I’ve been mulling over photos I took last week, brooding over the lack of sharpness, and decided it was time to backup and refocus (no pun intended) on remedial skills. I spend  time composing shots, but  not enough on the basics of exposure & focus. My shaky focus, sharpness and exposure skills are sore spots so I pulled up some lessons and ran through them again.

I decided to start with something small and unmoving, but with good shadows. Hence, the reason you’re looking at a bunch of bird seed photos.  The aim was to keep taking photos, experimenting with various exposures, until I achieved clean edges, crisp colours and sharp focus. About 30 photos later, I started to feel like I was finally getting it.

This one isn’t bad, but up close the seeds lost focus. I adjusted a few settings on the camera and went back at it.

Photo of pan of bird seeds

I kept working until:

Photo of pan of bird seeds

The only work done on the photos was a bit of cropping, with exposure and saturation untouched. A major component I need to focus on is getting the colour balance right coming out of the camera rather than depending on Photoshop so much. I like the browns and blacks on these shots. For once I haven’t blown out the blacks and they have a natural look. Could be much sharper, but that will come with practice.

Photo of pan of bird seeds
I opted for the bucket o’ seeds because they were fine and fiddly to try and capture. Different shapes and subtle colour shifts that were merciless if I tweaked the exposure or saturation too much. Turned out to be a fun session. The shadows were much better in this series than in many photos I’ve taken.   The white pebble at the top faired quite well.

Photo of pan of bird seeds
The sun casts strong shadows across the balcony late in the afternoon, so it was a perfect opportunity to fuss.  These are blow ups of specific sections from around 50 or 60 shots. The first in the batch didn’t enlarge well at all. As a matter of fact, they were rather dismal.  I trotted back out to the balcony, adjusted the camera settings, adjusted the focus points and kept shooting.

There’s still a lot of work to be done on focus though. Still not sharp, but I think I finally get it. Next project will be going back out to the street and seeing if I can apply some of these lessons to a broader subject.

This last one was tweaked in Photoshop. I was losing the sun by then and the shade was too strong. It was a good chance to try a bit of adjustment rather than the usual ham fisted approach.

Photo of pan of bird seeds

I tried for a natural look.  I often go overboard with sharpening photos and under expose them. The end result is a bizarre harsh look that can be jarring to look at. So I’m pleased with this outing, even if I didn’t get off the balcony.   I’ll do more sessions working on exposure and focus this week as well as heading out to the wild for more experiments.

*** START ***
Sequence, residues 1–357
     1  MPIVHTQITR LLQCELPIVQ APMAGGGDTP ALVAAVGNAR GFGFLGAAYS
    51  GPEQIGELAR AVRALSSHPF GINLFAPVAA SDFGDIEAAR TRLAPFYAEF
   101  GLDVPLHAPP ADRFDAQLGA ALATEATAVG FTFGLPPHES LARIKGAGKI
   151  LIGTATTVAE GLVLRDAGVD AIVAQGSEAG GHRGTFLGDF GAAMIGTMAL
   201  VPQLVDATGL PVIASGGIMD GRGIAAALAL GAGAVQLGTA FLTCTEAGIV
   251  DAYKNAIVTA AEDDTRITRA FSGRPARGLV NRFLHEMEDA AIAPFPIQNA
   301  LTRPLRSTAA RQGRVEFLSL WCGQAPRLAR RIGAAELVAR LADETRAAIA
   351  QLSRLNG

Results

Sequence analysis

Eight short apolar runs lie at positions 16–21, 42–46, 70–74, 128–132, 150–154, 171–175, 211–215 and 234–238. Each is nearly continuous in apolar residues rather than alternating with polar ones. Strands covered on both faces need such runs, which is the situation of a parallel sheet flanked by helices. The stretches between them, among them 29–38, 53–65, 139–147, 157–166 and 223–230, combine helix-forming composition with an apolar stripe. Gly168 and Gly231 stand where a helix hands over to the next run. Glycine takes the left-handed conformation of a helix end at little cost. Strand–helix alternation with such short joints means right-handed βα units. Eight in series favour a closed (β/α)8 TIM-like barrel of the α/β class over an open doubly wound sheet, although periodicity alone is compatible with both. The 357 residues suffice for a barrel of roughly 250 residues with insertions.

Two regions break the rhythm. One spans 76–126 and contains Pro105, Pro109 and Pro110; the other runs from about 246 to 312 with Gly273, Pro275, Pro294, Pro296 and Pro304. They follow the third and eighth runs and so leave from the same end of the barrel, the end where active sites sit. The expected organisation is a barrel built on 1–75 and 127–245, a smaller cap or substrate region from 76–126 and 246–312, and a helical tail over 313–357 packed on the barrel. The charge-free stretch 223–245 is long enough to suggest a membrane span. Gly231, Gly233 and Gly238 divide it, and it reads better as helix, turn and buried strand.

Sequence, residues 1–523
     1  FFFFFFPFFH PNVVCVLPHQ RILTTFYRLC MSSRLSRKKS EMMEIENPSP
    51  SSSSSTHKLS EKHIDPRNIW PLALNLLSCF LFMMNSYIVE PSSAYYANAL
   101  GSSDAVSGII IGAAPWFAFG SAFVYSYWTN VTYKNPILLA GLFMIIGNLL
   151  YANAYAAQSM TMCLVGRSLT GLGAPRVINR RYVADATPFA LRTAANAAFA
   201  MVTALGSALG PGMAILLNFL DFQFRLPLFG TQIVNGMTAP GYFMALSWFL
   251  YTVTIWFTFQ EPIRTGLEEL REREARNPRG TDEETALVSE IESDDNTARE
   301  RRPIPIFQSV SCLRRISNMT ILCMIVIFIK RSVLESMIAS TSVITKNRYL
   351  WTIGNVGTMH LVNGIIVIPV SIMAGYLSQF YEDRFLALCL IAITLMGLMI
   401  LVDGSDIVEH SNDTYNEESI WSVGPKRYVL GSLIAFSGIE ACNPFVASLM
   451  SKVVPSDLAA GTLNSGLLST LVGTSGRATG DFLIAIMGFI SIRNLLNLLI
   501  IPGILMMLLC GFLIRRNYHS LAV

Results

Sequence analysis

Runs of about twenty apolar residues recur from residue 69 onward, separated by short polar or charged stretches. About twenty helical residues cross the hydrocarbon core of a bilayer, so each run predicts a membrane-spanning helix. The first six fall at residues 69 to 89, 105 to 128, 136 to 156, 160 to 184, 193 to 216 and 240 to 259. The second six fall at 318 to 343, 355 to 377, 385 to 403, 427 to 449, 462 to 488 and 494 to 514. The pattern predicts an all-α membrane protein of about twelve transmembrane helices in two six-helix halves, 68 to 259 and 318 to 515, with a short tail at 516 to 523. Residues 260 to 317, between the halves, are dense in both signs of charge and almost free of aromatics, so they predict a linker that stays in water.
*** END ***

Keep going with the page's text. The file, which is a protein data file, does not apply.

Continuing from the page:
Still learning the basics of photography – streets of Toronto

Still learning the basics of photography – streets of Toronto

I was wandering around the Queen | University area the other day and was struck by the sheer volume of people everywhere.  I hung out on the corner of University and Queen Street for about 30 min doing nothing but snapping crowd shots.

University and Queen Street


University and Queen Street

By the time I got to Union Station, the volume of pedestrians was tiring. I don’t come down at rush hour very often because of the press of humanity, but once in awhile, it’s fun to people watch.

Photo of crowds of pedestrians at Union Station

I wasn’t paying enough attention to the settings so not a lot of the photos were crisp enough for my tastes. They’ll do, but other photos I took that day  (not posted yet) were studies of specific scenes, rather than street vistas and came out wonderfully sharp with a good colour balance. 

I set out to keep the photos at around 24mm  to test what type of lens I should consider for my first prime lens. I spent a day doing nothing but taking 50mm another 35 etc. So far, the 24mm seems to float my boat the most.  I’m leaning towards the Canon EF-S 24MM F2.8 STM lens. I like long, full shots that pick up lots of details. I’m not a huge fan of bokeh and prefer seeing details happening in the scene, so I think the 24mm might be what I’m looking for. However, I really  need to work harder on the mechanics of photography before I get to that point. So … it’s time to return to lessons and read up on strengthening clarity and sharpness. Even the best lens in the world is a waste of money if I can’t get the basics down.